REVIEW: You Made a Fool of Death with Your Beauty by Awaeke Emezi

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Dear Awaeke Emezi,

I’ve been meaning to try one of your books for years, ever since I read Ana Grilo’s review of Pet for Kirkus. The book sounded really good and really different, but somehow, I never got around to reading it. However, when I heard that you’d written a romance, I knew I had to jump on the ARC. Also, there was the gorgeous title.

It’s been five years since the death of Feyi Adekola’s beloved husband in a car accident in front of Feyi’s eyes, and Feyi still sometimes wishes that she, too, had died. She and Jonah married young and only had one year together, but he was the love of her life.

Feyi is an artist and much of her work is painted in blood (pig blood, not human, of course). She relives the accident that shattered her life over and over in dreams. She knows she will grieve forever but also that she needs to live again. Recently Feyi moved to New York with her best friend and one-time lover, Joy, in the hope that maybe she can figure out how to do that.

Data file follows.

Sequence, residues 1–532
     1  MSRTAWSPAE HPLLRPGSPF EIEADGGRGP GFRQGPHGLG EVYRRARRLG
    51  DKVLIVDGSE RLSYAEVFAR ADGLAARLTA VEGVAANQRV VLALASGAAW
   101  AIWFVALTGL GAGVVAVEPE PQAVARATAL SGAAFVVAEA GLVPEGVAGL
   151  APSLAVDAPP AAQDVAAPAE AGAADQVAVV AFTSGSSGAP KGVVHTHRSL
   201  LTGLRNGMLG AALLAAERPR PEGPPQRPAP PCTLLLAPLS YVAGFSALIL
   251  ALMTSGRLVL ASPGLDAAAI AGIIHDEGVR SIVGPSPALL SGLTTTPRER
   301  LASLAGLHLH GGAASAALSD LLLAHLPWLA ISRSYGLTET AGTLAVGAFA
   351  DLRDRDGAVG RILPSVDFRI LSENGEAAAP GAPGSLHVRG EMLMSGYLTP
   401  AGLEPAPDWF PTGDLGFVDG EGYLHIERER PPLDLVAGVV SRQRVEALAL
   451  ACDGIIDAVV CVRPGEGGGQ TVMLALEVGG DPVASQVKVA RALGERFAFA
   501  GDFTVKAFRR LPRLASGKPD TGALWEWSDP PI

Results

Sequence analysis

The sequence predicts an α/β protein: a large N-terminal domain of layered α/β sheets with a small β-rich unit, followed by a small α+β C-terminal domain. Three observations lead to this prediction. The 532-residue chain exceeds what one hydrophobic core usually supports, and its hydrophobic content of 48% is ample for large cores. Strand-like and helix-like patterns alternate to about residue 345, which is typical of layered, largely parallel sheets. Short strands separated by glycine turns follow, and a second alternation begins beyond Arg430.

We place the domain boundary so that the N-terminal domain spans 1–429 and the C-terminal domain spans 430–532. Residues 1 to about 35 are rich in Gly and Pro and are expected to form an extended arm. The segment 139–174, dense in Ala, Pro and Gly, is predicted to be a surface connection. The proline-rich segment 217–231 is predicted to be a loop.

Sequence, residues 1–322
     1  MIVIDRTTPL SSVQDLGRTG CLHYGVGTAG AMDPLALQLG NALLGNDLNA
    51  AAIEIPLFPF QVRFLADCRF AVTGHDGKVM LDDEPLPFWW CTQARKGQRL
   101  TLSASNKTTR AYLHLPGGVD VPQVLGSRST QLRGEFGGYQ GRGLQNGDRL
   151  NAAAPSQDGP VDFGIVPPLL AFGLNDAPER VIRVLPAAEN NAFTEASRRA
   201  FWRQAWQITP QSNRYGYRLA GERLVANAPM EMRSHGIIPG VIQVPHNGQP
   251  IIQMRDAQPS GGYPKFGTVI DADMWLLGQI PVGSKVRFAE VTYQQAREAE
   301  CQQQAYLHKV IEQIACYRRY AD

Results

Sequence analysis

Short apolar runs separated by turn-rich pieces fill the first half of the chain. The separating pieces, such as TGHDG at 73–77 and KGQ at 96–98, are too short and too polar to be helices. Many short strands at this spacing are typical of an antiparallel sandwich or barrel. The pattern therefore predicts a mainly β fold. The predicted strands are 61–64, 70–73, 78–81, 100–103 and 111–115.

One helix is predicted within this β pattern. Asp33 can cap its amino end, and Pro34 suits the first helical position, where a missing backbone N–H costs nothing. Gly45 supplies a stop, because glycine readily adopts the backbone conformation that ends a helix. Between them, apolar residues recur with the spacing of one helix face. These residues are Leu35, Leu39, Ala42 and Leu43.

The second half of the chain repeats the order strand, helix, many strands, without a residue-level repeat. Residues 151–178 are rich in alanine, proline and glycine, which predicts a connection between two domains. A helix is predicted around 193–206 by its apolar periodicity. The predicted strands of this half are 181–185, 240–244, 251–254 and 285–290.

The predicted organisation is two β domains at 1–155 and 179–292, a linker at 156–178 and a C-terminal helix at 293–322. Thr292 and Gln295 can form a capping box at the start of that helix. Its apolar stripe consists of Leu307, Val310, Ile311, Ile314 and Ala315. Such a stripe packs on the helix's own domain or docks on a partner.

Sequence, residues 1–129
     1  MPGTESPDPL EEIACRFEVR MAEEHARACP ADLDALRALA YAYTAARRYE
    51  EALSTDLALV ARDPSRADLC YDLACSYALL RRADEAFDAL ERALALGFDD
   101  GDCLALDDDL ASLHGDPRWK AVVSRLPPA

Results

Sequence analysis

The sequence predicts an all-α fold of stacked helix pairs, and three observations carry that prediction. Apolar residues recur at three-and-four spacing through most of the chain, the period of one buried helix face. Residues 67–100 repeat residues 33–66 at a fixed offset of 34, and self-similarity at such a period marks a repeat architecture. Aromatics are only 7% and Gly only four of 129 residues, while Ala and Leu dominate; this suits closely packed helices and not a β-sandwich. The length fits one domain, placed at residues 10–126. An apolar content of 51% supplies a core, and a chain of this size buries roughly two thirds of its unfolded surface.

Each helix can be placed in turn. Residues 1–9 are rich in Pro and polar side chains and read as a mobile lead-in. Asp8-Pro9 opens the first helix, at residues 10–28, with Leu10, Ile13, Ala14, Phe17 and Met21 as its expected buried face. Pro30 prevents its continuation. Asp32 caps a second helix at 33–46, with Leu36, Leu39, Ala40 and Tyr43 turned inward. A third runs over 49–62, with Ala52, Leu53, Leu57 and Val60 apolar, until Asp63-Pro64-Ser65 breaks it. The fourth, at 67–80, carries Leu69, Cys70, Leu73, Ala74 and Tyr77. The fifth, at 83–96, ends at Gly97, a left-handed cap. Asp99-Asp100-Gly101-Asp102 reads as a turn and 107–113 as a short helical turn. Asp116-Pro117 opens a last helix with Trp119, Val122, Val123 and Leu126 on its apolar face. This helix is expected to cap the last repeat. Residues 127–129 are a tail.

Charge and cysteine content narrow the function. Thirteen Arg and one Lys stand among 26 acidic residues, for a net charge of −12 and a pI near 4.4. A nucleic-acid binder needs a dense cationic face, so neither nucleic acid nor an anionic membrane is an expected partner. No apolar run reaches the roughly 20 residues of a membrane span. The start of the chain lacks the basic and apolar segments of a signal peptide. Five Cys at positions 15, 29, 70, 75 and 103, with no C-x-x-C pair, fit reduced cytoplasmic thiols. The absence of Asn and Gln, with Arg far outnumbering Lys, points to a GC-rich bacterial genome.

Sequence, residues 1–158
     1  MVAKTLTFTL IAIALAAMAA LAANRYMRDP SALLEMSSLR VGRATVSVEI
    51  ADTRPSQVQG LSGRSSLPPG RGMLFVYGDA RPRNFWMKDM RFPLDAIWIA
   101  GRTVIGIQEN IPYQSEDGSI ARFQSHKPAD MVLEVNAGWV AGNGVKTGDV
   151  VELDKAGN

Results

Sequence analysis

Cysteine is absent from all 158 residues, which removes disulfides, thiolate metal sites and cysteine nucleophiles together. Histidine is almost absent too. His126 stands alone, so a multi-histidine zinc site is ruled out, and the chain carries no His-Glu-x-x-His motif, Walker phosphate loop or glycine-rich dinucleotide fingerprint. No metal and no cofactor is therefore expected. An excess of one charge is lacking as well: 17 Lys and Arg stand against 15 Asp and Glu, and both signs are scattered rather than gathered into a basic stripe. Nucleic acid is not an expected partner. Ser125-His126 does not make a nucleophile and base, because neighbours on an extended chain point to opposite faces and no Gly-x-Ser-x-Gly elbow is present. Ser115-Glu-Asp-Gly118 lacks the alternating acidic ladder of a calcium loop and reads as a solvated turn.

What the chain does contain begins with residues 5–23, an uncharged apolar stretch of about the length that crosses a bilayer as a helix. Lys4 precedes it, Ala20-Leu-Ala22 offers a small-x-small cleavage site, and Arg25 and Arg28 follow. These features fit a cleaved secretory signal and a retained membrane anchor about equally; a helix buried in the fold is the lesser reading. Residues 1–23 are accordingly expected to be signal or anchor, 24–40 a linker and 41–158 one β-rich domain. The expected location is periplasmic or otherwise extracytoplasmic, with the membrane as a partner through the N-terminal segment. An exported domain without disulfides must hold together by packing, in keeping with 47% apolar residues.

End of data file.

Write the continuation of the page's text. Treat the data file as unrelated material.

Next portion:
The book opens with Feyi having hot sex in a restroom with an attractive stranger, Milan. At a rooftop party, Feyi’s gaze connected with Milan’s and she was very direct when she drew him away from the party. It’s the first time since in years that Feyi has had sex with anyone, but she came to the party to make a conscious attempt to do that.

Feyi and Milan begin a casual friends-with-benefits relationship. They don’t really get close, and the heat they felt the first time they had sex settles into something that is more comfortable than sizzling. Soon into this, a friend of Milan’s, Nasir, comes on to Feyi despite her and Milan’s relationship. Feyi thinks Nasir is a player and puts him in his place, but he then apologizes and says things that suggested to me, though not quite as strongly to Feyi, that he fell for her on the spot and now can’t forget her. The intensity of his want lingers in Feyi’s mind and she breaks up with Milan (he doesn’t mind that much) to get together with Nasir.

Feyi doesn’t fall into bed with Nasir. This thing with him feels like something that could develop into a real relationship and after the loss of her beloved Jonah, that’s scary as well as (in her mind) possibly disloyal. She wants to take it slow and just be friends at first. She tells Nasir as much and he agrees—his longing for her is such that he’ll agree to anything.

When Feyi tells Nasir about the accident and about Jonah’s death, he tells her of his mother’s death when he was very young, but his understanding of her grief doesn’t seem that deep. Eventually she trusts him enough to show him her art.